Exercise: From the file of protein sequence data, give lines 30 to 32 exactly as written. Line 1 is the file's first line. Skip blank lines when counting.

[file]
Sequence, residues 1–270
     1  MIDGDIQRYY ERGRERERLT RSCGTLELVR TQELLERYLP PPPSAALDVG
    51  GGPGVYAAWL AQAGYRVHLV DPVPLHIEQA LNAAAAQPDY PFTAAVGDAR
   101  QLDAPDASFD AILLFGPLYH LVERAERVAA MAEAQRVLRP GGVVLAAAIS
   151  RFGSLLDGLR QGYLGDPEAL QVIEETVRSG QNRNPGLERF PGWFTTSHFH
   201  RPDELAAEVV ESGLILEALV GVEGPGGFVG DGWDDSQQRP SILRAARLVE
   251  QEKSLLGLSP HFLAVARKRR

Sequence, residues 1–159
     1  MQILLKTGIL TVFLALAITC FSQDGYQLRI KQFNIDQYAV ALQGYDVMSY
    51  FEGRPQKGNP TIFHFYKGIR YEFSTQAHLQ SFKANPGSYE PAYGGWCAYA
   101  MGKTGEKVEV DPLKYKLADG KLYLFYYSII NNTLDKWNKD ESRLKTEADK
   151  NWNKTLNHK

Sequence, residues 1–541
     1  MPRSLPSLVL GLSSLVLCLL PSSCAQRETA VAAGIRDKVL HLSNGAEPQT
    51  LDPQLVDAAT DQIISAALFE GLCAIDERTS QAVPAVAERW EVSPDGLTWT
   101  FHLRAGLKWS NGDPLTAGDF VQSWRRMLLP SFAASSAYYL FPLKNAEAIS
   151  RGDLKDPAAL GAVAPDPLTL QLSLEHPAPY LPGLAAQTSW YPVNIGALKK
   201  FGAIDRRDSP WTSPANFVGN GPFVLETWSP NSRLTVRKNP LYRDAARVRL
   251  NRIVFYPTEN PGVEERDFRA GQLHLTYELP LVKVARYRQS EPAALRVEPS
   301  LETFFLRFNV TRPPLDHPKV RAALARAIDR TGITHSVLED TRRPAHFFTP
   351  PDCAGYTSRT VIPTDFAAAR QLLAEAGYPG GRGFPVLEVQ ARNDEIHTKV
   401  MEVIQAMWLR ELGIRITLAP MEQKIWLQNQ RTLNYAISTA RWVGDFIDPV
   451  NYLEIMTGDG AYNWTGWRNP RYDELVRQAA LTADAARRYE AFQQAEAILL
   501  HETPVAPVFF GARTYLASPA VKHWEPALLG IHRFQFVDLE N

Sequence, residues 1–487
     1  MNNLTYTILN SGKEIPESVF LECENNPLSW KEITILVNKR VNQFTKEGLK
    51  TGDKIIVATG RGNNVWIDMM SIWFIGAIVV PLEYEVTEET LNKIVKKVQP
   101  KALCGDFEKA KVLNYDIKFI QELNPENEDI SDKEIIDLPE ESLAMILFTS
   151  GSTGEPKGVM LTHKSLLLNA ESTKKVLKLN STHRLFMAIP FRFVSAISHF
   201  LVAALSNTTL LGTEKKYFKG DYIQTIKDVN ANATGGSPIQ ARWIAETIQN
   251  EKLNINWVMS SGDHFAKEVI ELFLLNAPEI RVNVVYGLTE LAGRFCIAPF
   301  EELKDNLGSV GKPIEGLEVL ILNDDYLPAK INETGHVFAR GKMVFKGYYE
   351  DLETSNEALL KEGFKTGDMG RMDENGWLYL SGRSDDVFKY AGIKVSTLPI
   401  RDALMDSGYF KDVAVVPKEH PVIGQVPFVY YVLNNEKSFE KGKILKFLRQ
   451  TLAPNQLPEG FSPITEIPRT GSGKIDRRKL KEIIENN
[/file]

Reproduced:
   201  LVAALSNTTL LGTEKKYFKG DYIQTIKDVN ANATGGSPIQ ARWIAETIQN
   251  EKLNINWVMS SGDHFAKEVI ELFLLNAPEI RVNVVYGLTE LAGRFCIAPF
   301  EELKDNLGSV GKPIEGLEVL ILNDDYLPAK INETGHVFAR GKMVFKGYYE